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Rehabilitation Hospital of Indiana (RHI): Brain Injury Coping Skills Group
By Samantha Backhaus, PhD, HSPP, Clinical Neuropsychologist and Associate Director of Outpatient Neuropsychological Services, Departments of Rehabilitation Neuropsychology, Rehabilitation Hospital of Indiana
The Rehabilitation Hospital of Indiana (RHI) in Indianapolis is currently offering a nationally-recognized intervention to individuals with brain injury and their families to help them better adjust and adapt to the myriad of challenges for Traumatic Brain Injury (TBI) presents.
In 2006, our team developed a coping skills program to address TBI’s long-term physical, cognitive, and emotional challenges. The program’s inspiration was the case of pediatrician Lisa Thompson, MD, who, in 2005, committed suicide five years after a TBI, leaving a grieving extended family. Knowing that awareness of the long-term effects of TBI was lacking in Lisa’s case, RHI made it a mission to provide adequate education and support to survivors of brain injury and their families to help them better adjust to the injury. Donations to the Dr. Lisa Thompson Fund in the RHI Foundation provided financial support for pertinent clinical and research programs.
Brain Injury Coping Skills (BICS) is a 12-16 week, small group intervention (5-7 patients plus their caregivers), that meets once weekly for two hours and systematically addresses a number of topics (see below).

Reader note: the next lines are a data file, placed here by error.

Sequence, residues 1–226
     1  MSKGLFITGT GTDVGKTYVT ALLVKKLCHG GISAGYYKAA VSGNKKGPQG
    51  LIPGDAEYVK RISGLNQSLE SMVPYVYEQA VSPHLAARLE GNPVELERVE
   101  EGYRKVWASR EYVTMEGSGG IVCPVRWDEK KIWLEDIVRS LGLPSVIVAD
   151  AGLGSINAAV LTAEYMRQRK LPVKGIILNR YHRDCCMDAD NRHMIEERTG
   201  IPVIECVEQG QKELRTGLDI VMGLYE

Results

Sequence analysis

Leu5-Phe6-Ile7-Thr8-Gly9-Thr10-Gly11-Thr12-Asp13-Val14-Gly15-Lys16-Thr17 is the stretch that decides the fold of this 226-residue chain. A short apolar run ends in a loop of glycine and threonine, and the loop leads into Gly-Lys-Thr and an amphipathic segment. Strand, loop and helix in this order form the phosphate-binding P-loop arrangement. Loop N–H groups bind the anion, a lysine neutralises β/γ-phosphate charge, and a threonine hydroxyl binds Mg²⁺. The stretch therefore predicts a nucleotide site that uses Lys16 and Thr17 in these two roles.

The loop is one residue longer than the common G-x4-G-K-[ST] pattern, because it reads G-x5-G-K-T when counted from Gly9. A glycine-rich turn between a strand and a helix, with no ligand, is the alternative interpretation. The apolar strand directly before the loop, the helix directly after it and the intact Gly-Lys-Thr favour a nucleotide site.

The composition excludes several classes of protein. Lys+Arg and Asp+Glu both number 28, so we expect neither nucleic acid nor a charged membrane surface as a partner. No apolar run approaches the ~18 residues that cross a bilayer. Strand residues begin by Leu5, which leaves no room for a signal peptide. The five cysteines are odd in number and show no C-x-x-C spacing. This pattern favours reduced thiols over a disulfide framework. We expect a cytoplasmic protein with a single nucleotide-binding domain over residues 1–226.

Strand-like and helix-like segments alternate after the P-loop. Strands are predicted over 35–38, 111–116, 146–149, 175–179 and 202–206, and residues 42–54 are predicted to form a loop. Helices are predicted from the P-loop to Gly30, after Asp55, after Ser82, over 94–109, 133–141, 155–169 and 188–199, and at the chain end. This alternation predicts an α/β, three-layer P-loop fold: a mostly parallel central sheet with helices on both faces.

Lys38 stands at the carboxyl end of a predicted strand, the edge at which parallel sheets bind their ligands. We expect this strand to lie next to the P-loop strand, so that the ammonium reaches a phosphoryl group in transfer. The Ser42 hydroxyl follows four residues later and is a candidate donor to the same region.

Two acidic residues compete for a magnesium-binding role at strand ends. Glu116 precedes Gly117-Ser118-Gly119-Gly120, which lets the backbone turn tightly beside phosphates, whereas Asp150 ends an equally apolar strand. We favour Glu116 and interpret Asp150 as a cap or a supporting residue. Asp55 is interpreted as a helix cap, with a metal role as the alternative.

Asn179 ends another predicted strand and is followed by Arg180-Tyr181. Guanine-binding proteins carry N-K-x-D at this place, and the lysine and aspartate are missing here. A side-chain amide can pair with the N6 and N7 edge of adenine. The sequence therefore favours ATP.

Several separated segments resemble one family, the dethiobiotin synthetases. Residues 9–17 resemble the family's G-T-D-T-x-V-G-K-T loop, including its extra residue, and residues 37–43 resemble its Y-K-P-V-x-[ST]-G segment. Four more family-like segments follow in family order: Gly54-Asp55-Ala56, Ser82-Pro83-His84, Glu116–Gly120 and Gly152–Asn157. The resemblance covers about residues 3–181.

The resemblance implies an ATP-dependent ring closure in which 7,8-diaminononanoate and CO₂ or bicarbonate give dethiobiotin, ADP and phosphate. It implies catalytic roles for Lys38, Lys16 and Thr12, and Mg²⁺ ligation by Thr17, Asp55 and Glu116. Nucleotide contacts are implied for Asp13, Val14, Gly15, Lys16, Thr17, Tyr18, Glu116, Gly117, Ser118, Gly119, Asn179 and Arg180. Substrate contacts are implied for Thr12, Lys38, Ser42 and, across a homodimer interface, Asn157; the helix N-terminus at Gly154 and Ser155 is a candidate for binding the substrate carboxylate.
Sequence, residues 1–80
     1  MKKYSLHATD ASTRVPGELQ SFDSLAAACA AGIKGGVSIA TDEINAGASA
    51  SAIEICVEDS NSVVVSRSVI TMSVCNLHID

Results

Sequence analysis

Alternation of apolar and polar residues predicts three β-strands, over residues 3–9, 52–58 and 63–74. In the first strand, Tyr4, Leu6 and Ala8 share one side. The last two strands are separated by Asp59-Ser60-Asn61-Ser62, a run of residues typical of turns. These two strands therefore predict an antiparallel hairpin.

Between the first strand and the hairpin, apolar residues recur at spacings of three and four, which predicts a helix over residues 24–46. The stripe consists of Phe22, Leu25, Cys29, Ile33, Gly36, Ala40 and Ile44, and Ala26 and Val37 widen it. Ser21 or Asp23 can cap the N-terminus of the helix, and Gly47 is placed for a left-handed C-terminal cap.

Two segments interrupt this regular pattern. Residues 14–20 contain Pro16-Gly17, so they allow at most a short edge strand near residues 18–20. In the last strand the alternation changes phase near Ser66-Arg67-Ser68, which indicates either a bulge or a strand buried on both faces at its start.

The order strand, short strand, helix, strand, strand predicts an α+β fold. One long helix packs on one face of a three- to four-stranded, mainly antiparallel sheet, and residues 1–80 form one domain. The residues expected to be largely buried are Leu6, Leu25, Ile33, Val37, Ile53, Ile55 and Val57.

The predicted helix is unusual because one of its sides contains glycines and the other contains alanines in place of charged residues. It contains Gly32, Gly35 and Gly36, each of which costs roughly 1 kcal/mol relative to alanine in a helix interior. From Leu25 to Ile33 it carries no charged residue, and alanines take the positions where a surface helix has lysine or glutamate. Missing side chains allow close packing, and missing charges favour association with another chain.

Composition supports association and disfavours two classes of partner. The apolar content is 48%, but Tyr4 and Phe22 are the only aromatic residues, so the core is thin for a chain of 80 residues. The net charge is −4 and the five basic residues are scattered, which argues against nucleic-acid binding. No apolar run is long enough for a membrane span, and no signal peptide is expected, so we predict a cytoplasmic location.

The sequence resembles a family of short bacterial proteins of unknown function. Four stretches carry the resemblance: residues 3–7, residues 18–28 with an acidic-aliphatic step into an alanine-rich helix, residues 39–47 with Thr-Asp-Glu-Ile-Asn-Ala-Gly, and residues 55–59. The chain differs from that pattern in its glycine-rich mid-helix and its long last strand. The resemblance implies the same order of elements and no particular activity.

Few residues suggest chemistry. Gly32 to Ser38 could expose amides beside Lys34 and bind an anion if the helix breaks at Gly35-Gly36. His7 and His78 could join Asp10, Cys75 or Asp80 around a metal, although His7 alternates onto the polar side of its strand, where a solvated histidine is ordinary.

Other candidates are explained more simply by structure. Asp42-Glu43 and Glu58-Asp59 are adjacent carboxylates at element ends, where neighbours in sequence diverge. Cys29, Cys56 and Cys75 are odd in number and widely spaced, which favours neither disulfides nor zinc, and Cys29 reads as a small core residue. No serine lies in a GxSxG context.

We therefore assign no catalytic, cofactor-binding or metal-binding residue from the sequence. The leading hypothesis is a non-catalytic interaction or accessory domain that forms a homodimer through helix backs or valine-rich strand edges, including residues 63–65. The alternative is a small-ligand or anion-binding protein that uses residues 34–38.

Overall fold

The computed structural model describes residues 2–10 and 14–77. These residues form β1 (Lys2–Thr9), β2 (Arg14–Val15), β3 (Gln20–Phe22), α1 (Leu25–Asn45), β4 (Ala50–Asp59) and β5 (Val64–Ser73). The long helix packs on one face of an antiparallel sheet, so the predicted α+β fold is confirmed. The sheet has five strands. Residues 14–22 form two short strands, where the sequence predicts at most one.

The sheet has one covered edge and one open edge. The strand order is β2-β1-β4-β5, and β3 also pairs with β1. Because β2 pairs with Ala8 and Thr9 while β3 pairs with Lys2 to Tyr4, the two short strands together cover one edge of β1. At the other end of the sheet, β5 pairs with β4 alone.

|BICS Group Topics|
Through support from the RHI Foundation/Dr. Lisa Thompson Fund, my colleagues and I designed a multi-centered research study comparing the effects of BICS intervention to standard outpatient rehabilitation (control group). BICS study participants developed significantly better perceived self-efficacy than the control group and maintained these gains for at least three months. This self-efficacy could serve as a protective factor for individuals experiencing daily struggles and setbacks. The control group became significantly worse over time. This suggested that while individuals can often initially make spontaneous gains early in their recovery, if they do not receive the proper treatments, both the person with the injury and family members are likely to develop emotional difficulties as the recovery curve slows down.
A subsequent study funded by the Indiana State Spinal Cord and Traumatic Brain Injury Research Fund replicated the initial findings comparing BICS to participation in a support group which served as the control. Participants in both groups made significant gains in self-efficacy, emotional control and regulation, and everyday problem-solving. However, those who received the BICS intervention were able to maintain their positive perceived self-efficacy over time, while those who did not continued to decline.
The BICS intervention has been taught and presented nationally through the American Congress of Rehabilitation Medicine as well as internationally in Norway and New Zealand. The BICS manual is published and distributed by Lash Publishing. It is RHI’s vision to not only develop and study the effects of cutting-edge clinical interventions but also to disseminate these findings.